Retaining the current type syntax, but changing the expression syntax, would make the language somewhat more complex and inconsistent overall. There seem to be no advocates of this alternative so far.
Different array repeat syntax
The comments in pull request #498
mentioned many candidates for new syntax other than the
[x; N] form in this
RFC. The comments on the pull request of this RFC mentioned many more.
Instead of using
[x; N], use
[x for N].
- This use of
forwould not be exactly analogous to existing
forloops, because those accept an iterator rather than an integer. To a new user, the expression
[x for N]would resemble a list comprehension (e.g. Python's syntax is
[expr for i in iter]), but in fact it does something much simpler.
- It may be better to avoid uses of
forthat could complicate future language features, e.g. returning a value other than
()from loops, or some other syntactic sugar related to iterators. However, the risk of actual ambiguity is not that high.
- This use of
Introduce a different symbol to specify array sizes, e.g.
[T # N],
[T @ N], and so forth.
Introduce a keyword rather than a symbol. There are many other options, e.g.
[x by N]. The original version of this proposal was for
[N of x], but this was deemed to complicate parsing too much, since the parser would not know whether to expect a type or an expression after the opening bracket.
Any of several more radical changes.
Change the range syntax
The main problem here is that there are no proposed candidates that seem as
clear and ergonomic as
i..j. The most common alternative for slicing in other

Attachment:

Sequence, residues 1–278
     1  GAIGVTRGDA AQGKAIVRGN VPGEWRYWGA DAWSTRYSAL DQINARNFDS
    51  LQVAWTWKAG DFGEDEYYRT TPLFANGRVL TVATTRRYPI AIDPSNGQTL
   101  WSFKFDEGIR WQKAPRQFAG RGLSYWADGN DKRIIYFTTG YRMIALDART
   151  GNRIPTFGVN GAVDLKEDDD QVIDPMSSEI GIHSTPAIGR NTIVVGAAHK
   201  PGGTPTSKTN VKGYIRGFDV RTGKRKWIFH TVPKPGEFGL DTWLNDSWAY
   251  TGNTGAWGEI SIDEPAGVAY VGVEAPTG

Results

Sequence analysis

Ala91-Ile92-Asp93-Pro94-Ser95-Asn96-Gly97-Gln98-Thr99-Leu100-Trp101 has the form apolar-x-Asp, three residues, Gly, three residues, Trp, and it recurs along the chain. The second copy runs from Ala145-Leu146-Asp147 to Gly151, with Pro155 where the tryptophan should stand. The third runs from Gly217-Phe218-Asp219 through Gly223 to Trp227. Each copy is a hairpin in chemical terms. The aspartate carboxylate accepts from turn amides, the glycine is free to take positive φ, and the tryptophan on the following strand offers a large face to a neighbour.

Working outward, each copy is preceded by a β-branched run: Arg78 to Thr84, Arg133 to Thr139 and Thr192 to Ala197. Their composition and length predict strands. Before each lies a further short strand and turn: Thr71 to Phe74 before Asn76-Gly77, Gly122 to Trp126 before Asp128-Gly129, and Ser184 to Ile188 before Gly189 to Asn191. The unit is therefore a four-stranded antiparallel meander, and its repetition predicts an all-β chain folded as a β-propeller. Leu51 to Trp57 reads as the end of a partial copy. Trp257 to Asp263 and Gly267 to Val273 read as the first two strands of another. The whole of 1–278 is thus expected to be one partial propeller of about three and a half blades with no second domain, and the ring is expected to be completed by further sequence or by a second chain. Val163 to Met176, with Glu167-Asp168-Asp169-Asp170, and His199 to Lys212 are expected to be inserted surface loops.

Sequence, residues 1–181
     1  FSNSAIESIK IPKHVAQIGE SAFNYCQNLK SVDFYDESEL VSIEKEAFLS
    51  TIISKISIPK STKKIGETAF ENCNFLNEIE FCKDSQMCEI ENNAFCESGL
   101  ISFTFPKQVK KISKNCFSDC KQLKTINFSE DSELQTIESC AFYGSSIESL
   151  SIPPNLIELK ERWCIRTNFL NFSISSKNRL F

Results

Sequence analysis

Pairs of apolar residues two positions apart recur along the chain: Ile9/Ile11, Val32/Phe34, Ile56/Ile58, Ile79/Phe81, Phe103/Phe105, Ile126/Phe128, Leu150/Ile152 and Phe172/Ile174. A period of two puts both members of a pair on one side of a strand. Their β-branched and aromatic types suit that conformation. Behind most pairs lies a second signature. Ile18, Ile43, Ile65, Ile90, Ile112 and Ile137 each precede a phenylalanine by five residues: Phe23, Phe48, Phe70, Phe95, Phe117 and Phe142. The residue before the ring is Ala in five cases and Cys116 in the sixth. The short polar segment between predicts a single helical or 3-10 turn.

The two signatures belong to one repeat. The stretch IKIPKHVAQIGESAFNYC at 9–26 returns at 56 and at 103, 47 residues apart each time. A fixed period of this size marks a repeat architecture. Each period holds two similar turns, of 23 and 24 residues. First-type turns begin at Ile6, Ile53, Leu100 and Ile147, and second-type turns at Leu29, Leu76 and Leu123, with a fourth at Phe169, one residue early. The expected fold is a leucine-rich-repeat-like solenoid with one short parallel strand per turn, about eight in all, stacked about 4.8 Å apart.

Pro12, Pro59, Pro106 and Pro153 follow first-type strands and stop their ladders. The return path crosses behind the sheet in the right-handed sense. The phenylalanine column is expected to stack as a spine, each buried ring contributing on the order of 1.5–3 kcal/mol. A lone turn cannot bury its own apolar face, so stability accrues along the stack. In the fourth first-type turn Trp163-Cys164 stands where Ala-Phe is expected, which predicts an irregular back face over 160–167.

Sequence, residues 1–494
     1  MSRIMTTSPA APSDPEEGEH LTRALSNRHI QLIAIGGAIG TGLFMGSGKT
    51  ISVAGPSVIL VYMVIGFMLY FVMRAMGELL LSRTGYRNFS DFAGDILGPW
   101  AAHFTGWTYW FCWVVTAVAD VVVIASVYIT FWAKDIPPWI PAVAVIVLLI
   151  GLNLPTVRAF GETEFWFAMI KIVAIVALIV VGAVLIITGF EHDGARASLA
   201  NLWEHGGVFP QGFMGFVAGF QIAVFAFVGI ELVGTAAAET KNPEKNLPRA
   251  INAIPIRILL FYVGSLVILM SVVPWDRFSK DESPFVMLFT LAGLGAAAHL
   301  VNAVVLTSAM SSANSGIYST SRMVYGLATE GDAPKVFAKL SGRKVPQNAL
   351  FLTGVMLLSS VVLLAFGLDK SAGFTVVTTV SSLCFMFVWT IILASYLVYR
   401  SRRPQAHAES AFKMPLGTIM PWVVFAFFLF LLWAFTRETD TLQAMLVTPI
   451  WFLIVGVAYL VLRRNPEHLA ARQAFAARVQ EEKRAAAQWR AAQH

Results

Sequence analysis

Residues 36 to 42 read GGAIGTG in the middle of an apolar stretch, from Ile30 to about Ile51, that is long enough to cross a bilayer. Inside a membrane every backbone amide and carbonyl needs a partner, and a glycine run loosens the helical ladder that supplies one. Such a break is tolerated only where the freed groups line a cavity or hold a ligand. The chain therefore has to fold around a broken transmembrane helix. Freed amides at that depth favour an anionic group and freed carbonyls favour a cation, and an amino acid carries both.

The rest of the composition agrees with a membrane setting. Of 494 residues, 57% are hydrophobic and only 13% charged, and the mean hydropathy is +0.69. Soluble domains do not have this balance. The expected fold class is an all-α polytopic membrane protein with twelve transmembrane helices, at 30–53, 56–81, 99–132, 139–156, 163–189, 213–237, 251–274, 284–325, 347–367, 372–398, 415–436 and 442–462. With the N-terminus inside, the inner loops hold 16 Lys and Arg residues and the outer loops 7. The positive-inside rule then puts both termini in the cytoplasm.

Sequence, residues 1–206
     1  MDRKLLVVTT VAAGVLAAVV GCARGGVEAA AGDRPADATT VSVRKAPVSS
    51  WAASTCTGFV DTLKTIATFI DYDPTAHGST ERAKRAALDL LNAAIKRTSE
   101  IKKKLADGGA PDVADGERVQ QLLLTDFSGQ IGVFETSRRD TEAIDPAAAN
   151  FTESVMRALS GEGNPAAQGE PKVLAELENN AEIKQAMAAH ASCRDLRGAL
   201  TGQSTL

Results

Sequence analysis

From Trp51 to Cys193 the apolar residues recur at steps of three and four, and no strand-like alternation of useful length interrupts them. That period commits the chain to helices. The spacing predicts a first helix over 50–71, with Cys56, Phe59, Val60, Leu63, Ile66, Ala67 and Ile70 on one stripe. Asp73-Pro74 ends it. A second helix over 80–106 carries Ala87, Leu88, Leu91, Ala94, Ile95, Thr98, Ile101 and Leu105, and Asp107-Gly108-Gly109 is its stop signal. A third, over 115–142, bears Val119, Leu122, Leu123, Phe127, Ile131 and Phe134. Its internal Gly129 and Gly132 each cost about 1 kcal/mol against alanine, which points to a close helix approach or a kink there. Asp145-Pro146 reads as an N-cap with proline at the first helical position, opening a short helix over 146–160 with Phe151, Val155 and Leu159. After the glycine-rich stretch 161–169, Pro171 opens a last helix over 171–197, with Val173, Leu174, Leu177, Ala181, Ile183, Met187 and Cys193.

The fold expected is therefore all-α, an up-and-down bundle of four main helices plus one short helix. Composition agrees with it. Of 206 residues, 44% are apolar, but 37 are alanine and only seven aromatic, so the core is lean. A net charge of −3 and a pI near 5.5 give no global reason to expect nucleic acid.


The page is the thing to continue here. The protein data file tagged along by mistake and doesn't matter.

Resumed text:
i:j, but in Rust this simply causes an ambiguity with a different
feature, namely type ascription.
Limit range syntax to the interior of an index (use
i..j for slicing only)
This resolves the issue since indices can be distinguished from arrays. However,
it removes some of the benefits of RFC 439. For instance, it removes the
possibility of using
for i in 1..10 to loop.
RangeTo from RFC 439
The proposal in pull request #498 is to remove the sugar for
..j) while retaining other features of RFC 439. This is the simplest
resolution, but removes some convenience from the language. It is also
i..) is retained, and because
still has several different meanings in the language (ranges, repetition, and
There will still be two semantically distinct uses of
.., for the RFC 439
range syntax and for wildcards in patterns. This could be considered harmful
enough to introduce further changes to separate the two. Or this could be
considered innocuous enough to introduce some additional range-related meaning
.. in certain patterns.
It is possible that the new syntax
[x; N] could itself be used within
This RFC does not attempt to address any of these issues, because the current pattern syntax does not allow use of the repeated array syntax, and does not contain an ambiguity.
for in array expressions
It may be useful to allow
for to take on a new meaning in array expressions.
This RFC keeps this possibility open, but does not otherwise propose any
concrete changes to move towards or away from this feature.